Go ahead publish the raw data or publish your code for version 6.

            you wont.

          • Harry Twinotter says:

            “adjustments much larger than the satellite adjustments,”

            I beg to differ.

            Anyway, I see where this “discussion” is going. Another time.

          • SkepticGoneWild says:

            Harry,

            No one cares. Go moan, wail, gnash your teeth, and scream “the sky is falling” elsewhere, or whatever you alarmist clowns do.

            The earth is better off a little warmer anyway. And the current minor warming is not unprecedented anyway.

          • JasG says:

            “Actually the coverage is comparable even better in the time domain”

            What an outrageous untruth! Coverage is blindingly obviously inferior for the sparse land-based thermometers combined with well-known inaccurate sea data prior to 2005.

            For the USA (the only area of the world with decent thermometer density) all of the warming trend comes from adjustments. Whether correct or not (and since the biggest one, tobs, is pure pessimistic guesswork then that is unlikely) having all of your trend from adjustments means the data is not fit for policy. For the rest of the world the raw data is unreliable in the extreme and any adjustments could only be guesswork but should probably be more down than up thanks to well-known UHI issues at most locations; the data never having been intended for this purpose.

            Satellite corrections otoh are much easier because accurate calibration is possible at disparate, quality locations and tus accurate corrections can be applied to all the data at once, rather than at each thermometer adjustment being different. ie it is a scientifically accurate and unbiased process which is backed up by other satellite recons using different techniques and also by radiosondes. The land data is only backed up by itself: Regardless of how many others produce a plot it is all from the same sparse & spotty selection.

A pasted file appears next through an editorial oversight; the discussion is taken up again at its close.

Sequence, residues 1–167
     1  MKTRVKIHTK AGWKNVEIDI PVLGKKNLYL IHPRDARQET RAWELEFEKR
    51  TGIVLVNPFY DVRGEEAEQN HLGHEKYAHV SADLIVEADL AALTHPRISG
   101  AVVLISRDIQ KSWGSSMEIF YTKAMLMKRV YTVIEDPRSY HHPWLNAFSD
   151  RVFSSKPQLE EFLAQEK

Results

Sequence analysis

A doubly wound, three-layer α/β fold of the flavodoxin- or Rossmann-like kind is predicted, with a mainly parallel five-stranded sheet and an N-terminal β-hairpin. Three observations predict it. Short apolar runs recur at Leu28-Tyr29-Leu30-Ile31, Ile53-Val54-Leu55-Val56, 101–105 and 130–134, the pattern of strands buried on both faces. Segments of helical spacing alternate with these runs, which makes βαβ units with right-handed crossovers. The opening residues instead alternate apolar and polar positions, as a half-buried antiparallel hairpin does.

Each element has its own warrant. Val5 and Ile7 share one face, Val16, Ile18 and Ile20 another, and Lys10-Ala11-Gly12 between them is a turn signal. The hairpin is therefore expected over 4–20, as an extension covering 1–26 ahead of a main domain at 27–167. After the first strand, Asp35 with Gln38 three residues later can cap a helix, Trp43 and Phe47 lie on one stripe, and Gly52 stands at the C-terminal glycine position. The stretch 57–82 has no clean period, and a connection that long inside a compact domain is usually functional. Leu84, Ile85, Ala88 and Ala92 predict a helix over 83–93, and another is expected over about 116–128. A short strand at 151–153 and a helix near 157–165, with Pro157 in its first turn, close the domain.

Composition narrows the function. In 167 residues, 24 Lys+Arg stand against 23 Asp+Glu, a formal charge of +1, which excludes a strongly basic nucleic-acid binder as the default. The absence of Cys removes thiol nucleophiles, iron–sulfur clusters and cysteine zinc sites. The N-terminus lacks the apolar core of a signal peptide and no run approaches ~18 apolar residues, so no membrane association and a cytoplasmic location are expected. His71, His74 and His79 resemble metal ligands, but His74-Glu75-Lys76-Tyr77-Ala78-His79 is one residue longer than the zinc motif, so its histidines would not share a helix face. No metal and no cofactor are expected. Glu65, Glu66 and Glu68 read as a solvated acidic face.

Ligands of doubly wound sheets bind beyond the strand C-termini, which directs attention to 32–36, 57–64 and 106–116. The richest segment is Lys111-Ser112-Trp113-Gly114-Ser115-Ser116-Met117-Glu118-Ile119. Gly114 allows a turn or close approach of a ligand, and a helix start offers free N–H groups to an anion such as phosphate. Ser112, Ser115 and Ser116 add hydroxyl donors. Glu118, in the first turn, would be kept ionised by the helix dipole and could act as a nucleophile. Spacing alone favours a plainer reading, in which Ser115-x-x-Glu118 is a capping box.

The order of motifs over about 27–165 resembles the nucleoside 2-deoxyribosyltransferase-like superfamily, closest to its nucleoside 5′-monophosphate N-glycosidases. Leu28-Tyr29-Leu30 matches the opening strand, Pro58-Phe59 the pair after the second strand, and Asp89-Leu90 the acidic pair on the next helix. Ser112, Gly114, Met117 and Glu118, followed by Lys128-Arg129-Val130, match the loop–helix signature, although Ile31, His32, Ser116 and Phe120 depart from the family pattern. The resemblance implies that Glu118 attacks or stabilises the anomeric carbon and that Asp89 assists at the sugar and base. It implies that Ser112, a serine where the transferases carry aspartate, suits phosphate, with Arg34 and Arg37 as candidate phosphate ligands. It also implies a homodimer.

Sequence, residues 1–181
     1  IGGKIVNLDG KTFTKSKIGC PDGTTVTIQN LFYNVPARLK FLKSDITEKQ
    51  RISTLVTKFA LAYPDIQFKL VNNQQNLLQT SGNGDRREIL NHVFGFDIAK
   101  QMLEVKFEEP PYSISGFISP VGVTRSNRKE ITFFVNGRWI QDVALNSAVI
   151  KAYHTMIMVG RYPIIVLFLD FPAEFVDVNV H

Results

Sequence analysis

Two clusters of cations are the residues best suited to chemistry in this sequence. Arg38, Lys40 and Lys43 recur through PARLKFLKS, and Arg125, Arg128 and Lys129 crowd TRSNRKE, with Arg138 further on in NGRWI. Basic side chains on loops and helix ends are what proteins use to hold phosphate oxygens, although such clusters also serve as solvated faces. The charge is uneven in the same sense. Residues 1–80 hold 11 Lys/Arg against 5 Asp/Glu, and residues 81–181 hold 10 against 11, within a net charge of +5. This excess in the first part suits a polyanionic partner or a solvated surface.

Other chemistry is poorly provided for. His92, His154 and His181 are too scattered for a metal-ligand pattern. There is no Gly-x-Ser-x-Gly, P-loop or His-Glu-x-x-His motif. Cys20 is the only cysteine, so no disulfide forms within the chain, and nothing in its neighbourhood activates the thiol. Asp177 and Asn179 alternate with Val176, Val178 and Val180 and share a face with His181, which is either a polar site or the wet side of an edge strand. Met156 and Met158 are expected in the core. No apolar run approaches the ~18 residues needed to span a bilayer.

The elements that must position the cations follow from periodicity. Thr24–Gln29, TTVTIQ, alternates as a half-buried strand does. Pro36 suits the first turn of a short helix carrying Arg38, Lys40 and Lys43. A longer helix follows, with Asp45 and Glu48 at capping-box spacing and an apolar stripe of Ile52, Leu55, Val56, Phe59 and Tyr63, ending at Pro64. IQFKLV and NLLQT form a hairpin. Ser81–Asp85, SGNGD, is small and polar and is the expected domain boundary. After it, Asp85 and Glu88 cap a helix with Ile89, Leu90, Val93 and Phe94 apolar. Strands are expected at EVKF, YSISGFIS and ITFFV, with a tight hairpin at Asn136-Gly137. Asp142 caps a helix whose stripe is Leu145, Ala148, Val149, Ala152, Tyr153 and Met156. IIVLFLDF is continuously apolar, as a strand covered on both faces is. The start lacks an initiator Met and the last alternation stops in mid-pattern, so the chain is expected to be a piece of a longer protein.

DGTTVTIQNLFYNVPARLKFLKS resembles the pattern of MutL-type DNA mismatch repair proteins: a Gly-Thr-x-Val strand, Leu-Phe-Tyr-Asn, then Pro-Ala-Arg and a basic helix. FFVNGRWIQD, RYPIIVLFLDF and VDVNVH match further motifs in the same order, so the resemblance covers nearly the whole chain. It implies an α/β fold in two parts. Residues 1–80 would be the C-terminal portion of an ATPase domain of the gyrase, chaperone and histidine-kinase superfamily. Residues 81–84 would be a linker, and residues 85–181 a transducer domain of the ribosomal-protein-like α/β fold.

Land-based data was only intended as a backup for the accurate satellite data, It is abjectly stupid or politically-motivated-reasoning to pretend they can supplant them. Where else in climate science does anyone argue that satellite data is somehow more unreliable than sparse land-based data? Answer: nowhere!

          • Nate says:

            Jas. Objective observers have noted that the satellite adjustements have had much larger impacts on the trends than the surface records. For example, the most recent adjustment cut the 38y trend of the Arctic in half. Why? Because modeling and asumptions about the atmosphere are required. This track record cannot be ignored.

          • Gordon Robertson says:

            stephen mosher…”Go ahead publish the raw data or publish your code for version 6.”

            Go back to your cave, you haven’t the foggiest notion of what you are saying. Publish raw data without corrections for orbital drift, etc????

            Where else in science would you find such raw data? Do you see surface stations sources like NOAA publishing temp max/mins? No…they give you an average.

            They don’t even give you all the data these days. They slash 5000 stations from a global pool of 6500 stations and SYNTHESIZE temperatures for the 5000 in a climate model based on 1500 stations.

            Why do you accept that crud and whine about corrections for orbital decay? Are you going to do that yourself, or is your implication that UAH cannot be trusted?

          • Gordon Robertson says:

            JasG…”rather than at each thermometer adjustment being different.”

            As you have implied, without individual thermometer adjustments they would not be able to throw out the cooler ones while emphasizing the warmer ones. NOAA has perfected the art of obfuscating the temperature record by blatantly slashing 5000 surface stations from the global pool of 6500 then synthesizing them is a climate model.

          • Bart says:

            There are 7280 GHCN stations worldwide:

            https://en.wikipedia.org/wiki/Instrumental_temperature_record#/media/File:GHCN_Temperature_Stations.png